Tuesday, November 29, 2011

It's All In The Presentation

Everyone knows a child's fear of the unknown, from the little to the large.  A severe break from the established norm can bring unprecedented terror unless properly introduced.  Telling an only child that they won't be the center of attention anymore after the baby is born can be a traumatic experience, especially if the child is relatively young.  That is unless you make the impending change an exciting and highly desirable event for the child.  The fact that they'll have a new friend to play with cancels out any (or at least most) of the potential fear of losing Mommy to the new kid.

Likewise, introducing new concepts and ideas that differ from what the child already knows can be a battle.  Most people learn something one way and find it very difficult to accept a different method of understanding it.  Kids are no different.  When presented with something new, they either deny its existence or simply state, "It's too hard."  This becomes their excuse for everything new that they're nervous about trying, whether it's new math concepts or writing fifteen words instead of ten.  Getting a kid to accept two simple facts can be challenging.  These facts are: a) You can do this.  b) You're smart enough to learn how.  I discovered today something I've known for a while - presentation really helps.

Case in Point:  Today, I was teaching the 3rd grader 4-digit dividing.  Scary concept to go from three numbers to four in the dividend.  But, knowing this particular child's general aversion to math, I started out by simply saying what we were going to learn and then interjecting "Don't freak out!" in an upbeat, happy voice.  Sure, the child looked at me like I was crazy, but she was laughing as I began explaining the concept rather than crying over the frustration of a "new" idea.  And you know what, she learned it!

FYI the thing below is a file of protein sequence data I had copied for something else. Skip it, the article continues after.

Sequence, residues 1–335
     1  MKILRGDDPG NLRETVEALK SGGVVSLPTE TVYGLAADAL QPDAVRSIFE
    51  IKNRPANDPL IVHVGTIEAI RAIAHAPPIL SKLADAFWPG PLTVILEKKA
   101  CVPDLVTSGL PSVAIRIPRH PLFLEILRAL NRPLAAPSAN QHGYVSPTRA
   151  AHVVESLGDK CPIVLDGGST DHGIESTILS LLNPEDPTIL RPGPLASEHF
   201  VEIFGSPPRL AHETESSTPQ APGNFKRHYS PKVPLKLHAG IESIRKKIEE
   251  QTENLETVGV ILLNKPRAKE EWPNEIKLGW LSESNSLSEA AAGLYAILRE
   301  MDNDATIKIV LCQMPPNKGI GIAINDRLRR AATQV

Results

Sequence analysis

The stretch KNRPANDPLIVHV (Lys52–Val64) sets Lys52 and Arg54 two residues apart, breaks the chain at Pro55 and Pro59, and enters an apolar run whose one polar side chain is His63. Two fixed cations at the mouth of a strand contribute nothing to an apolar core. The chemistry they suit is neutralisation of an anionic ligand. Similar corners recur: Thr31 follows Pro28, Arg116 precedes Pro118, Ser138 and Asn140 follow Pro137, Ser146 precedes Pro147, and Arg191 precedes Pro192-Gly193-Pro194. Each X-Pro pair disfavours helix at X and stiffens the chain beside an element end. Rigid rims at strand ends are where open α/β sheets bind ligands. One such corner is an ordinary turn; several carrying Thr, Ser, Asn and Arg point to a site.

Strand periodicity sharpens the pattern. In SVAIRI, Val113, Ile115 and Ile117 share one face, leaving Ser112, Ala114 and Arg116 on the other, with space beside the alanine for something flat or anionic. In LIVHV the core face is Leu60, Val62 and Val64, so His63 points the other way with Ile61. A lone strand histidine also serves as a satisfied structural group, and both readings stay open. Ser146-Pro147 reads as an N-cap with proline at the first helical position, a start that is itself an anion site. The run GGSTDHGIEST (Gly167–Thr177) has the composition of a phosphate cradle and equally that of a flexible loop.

So how does this apply to everyday life?  In too many ways to even begin counting.  Kids have new experiences all the time.  They go to clubs.  They play sports.  They do schoolwork.  They learn how to read.  They make new friends.  They go to new places.  And to all of these things, at one time or another, every child will feel a little apprehension at starting something new.  Something different.  So introduce the latest change with style and fun.  If your little boy or girl is heading off to choir for the first time, reassure them of at least two things: a) how much fun they'll have and b) how much you love them and can't wait to hear all about it.  It always helps (in my opinion) to throw in the "If you really hate it, you don't have to go again."

Most kids don't know what they'll like until they try it, but their fear of the unknown keeps them from branching out.  So parents have to "force" their kids to try new things.  Believe me, it's good for them.  My mother (whom I love dearly) is the queen of making us try new things.  I was a very willful child, and I never wanted to do anything she suggested.  Finally, she just made me go, and I loved every single thing - tennis; softball; swimming; ice skating; volleyball; cotillion; choir.  And as I look back over those years growing up, I thank God that my mom did what was best for me rather than giving in to my whimpering complaints.

Of course, in my case, sugarcoating the new experience didn't really help, although sometimes it nudged me towards lessening the complaints.  But for 9 out of 10 children, emphasizing the good time they'll have and the fun things they'll learn works wonders.  Plus, you can always remind them that you're their mother, and you would never make them do something just because you wanted to make them feel miserable.  If you're excited about whatever changes and new things they're experiencing, chances are that they'll be excited too.  And maybe, just maybe, they'll start to realize that different and new things are good and can be loads of fun.  If you succeed in that, your battles for trombone lessons or baseball practice will probably lessen enormously (although if the kid doesn't like the trombone, find him a different instrument).  Just remember, don't freak out.  Show your kids that they have nothing to fear from the unknown, whether small or large.

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